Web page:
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One simple solution is for people to start gardening more. I don't think we're close at all to running out of resources. If you ever drive through the US there is so much open and unused space in our country. And I'm sure other countries are similar.
The problem is people are too dependent on a system that may not be able to distribute resources, but it's not the resources themselves that are running in short supply.
Social Media - A platform that makes it easier for the crazies to find each other.
Everyone is born right handed. Only the strongest overcome it.
Fight for left-handed rights and hand equality.
That would probably be good for the environment, but it won't give us oil[^], sand[^] or phosphor[^].*
The problem is people are too dependent on a system that may not be able to distribute resources
If the entire world lived as North America and Europe do, I think we're doomed.
Furthermore, if insects, for example, went extinct[^], we'd have a huge problem as well.
Some areas have an insect population decline of 75%, that's A LOT!
Redistributing resources won't help here.
there is so much open and unused space in our country
Not in the Netherlands.
We have only 14,6% of forests and open natural terrain
66,9% is agrarian and the rest is for housings (10,6%), traffic (4,9%) and recreation (3%).
We're telling Brazil not to torch the rain forest, and rightfully so, but we've already removed nearly all of our own forests so it's hypocritical as well.
Can you imagine if everyone did that and the entire world would have only 15% of nature?
We're also one of the most densely populated countries in the world.
All in all, I can say, don't make those same mistakes.
* I haven't checked these sources, but it's safe to say the mentioned resources aren't in limitless supply so we will run out someday if we continue to use them as we do.
Mastering something leads to it being boring, IMO. I mean, not entirely. I can still love something but not have the thrill of the challenge anymore. I feel that way with C#. I know the CLI and CLR pretty well. I know the language to the point where it feels like a second skin, which is maybe creepy, I guess. With my background in Win32 and C I can p/invoke anything I can't do with the above, and there's nothing left I'm intimidated by. All that's left is to teach.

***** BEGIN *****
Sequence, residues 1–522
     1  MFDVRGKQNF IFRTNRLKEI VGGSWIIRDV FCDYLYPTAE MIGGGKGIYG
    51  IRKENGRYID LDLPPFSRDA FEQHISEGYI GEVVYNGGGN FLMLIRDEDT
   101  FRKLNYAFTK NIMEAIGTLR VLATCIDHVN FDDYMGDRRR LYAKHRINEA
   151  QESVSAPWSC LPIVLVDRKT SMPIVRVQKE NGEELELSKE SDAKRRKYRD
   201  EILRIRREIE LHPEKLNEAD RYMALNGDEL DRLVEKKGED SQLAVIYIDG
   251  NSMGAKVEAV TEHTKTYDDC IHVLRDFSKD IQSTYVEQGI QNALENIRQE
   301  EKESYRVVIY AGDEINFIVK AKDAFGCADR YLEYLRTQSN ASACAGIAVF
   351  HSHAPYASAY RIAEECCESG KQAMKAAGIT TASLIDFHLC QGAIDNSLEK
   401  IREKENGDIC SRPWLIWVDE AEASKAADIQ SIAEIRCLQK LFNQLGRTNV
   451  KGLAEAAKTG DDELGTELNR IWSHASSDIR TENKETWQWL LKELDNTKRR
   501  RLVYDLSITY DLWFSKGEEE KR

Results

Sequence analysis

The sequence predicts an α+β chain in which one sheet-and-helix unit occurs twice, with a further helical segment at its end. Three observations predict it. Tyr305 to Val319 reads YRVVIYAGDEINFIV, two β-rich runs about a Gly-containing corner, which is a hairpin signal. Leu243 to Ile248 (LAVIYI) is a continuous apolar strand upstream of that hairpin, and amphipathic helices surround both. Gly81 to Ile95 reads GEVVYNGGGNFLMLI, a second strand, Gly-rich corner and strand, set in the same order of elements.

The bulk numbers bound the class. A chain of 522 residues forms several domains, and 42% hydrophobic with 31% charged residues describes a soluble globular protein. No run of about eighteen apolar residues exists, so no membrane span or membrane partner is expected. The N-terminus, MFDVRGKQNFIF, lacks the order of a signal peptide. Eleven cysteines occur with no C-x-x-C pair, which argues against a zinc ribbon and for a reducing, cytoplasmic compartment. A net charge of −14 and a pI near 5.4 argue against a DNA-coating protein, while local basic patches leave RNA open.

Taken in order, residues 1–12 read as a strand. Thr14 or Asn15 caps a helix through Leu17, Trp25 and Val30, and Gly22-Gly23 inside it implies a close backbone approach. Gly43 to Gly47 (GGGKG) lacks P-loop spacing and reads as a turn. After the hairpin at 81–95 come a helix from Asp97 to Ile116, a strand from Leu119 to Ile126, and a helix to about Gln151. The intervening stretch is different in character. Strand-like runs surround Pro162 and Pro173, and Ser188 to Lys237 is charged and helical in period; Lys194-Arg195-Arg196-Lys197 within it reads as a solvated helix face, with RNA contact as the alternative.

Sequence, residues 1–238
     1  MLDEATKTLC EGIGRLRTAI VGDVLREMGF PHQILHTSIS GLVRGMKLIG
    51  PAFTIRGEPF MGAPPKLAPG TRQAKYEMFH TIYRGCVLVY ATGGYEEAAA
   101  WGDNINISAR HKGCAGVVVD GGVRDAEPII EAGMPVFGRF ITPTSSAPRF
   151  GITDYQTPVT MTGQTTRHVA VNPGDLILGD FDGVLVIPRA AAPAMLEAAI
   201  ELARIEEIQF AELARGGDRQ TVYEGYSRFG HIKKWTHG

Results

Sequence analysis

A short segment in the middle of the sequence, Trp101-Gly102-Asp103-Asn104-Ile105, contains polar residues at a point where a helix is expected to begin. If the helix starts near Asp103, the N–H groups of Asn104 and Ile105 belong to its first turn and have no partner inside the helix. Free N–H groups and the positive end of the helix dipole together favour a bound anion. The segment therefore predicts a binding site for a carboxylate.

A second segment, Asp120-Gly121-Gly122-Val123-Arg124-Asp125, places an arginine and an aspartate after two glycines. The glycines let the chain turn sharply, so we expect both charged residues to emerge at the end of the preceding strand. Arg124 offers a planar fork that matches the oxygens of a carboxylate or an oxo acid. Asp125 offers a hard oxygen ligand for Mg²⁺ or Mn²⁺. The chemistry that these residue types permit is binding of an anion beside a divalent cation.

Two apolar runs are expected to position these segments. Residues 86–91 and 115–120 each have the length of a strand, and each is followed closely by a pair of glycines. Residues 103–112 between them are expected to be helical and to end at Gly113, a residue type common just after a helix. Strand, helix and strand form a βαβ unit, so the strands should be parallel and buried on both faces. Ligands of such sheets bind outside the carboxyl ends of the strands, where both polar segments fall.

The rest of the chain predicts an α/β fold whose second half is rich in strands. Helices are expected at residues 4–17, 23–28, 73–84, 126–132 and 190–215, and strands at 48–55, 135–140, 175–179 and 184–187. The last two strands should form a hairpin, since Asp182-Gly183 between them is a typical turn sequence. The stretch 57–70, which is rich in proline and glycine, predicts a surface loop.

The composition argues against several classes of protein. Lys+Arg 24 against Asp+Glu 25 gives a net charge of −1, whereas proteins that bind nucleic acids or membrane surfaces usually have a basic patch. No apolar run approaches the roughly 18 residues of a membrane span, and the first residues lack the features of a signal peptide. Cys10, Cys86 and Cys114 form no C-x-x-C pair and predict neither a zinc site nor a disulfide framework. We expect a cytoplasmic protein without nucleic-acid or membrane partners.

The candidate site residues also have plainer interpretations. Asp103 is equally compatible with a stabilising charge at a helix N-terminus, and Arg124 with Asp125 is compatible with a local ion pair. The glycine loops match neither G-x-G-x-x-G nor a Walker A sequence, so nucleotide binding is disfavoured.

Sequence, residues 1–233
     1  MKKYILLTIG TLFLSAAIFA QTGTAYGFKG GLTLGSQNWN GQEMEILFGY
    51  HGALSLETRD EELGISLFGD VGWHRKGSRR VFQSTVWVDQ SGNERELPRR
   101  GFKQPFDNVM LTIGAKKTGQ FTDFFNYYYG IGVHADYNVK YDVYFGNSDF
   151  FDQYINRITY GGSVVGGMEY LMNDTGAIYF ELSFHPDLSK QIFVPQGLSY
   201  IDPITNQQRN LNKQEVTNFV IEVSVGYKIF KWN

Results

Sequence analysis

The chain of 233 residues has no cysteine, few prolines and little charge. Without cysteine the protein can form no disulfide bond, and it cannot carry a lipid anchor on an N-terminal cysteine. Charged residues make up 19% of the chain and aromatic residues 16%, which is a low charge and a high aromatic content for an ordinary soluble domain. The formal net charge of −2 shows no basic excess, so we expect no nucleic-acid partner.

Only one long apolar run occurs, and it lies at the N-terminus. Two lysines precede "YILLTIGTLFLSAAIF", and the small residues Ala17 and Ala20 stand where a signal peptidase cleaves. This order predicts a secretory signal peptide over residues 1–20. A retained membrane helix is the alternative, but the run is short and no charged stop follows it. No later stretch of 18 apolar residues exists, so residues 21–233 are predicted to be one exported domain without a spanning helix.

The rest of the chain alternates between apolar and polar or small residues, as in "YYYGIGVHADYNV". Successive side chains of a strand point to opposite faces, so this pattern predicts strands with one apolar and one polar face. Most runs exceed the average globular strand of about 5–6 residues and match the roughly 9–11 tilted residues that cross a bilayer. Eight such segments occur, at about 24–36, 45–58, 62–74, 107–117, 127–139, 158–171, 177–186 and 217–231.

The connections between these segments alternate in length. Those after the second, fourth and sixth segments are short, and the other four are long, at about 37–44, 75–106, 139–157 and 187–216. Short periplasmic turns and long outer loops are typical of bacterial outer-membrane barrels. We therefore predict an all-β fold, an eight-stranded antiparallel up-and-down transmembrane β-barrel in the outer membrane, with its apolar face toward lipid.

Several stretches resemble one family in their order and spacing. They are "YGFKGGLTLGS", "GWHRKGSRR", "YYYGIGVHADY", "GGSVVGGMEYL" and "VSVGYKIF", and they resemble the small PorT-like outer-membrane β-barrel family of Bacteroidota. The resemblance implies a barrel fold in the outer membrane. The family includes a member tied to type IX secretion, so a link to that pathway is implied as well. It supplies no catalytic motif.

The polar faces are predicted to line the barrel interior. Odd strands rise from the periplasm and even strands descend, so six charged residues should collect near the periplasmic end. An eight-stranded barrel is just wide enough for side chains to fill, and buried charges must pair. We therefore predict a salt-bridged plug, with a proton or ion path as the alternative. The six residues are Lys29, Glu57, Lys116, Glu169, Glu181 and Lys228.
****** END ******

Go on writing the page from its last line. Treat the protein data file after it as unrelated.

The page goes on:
I don't know, maybe I'm wrong. It's just how it feels to me.
A language is to a programmer like a wrench is to an auto mechanic or a hammer is to a carpenter. Why would you want the very tool that is helping you to solve a problem (or the mechanic to repair a car, or the carpenter build a house) be the challenge? That's absurd.
"One man's wage rise is another man's price increase." - Harold Wilson
"Fireproof doesn't mean the fire will never come. It means when the fire comes that you will be able to withstand it." - Michael Simmons
"You can easily judge the character of a man by how he treats those who can do nothing for him." - James D. Miles
I'm sure that sentiment is what keeps (most of) us going. If there is no challenge, no intellectual pursuit, no learning something new, no testing different ideas (even if they turn out to be awful), then we don't grow and will just atrophy. Where would be the excitement if we just churned out the same old stuff day in, day out? We need to advance ourselves and grow. Maybe 99% of what we discover we'll never use again, but even that is expansion of our world view; and the other 1% is the gold nuggets that make it exciting and spur us to carry on.
Having no box to think outside of, I get to enjoy it in three of the four ways one could enjoy it.
- The challenge of learning a knew language (competently)
- The challenge of solving a problem (independently of the language question).
- The challenge of solving a problem with the constraint of a particular language (or set of them)
- the fourth option in this truth-table view of it, the not learning a language to not solve a problem.
By the way - if you can somehow convolute the last of these into a way to get your work done, you will have truly become 'the Master[^]'.
Mastering something leads to it being boring, IMO. I mean, not entirely. I can still love something but not have the thrill of the challenge anymore.
Perhaps you can demonstrate your mastery by turning some of your massive code-clusters published here ... as inscrutable as cuneiform tablets ... into usable tools ? Perhaps revisit these ziggurats your psyche has conjured on the darkling plane ...
honey the codewitch wrote:
All that's left is to teach.
I look forward to learning from you !
The thrill of knowing your mortal peers found your work useful could be, imho, as electric as knowing your genius is marvelled at
«One day it will have to be officially admitted that what we have christened reality is an even greater illusion than the world of dreams.» Salvador Dali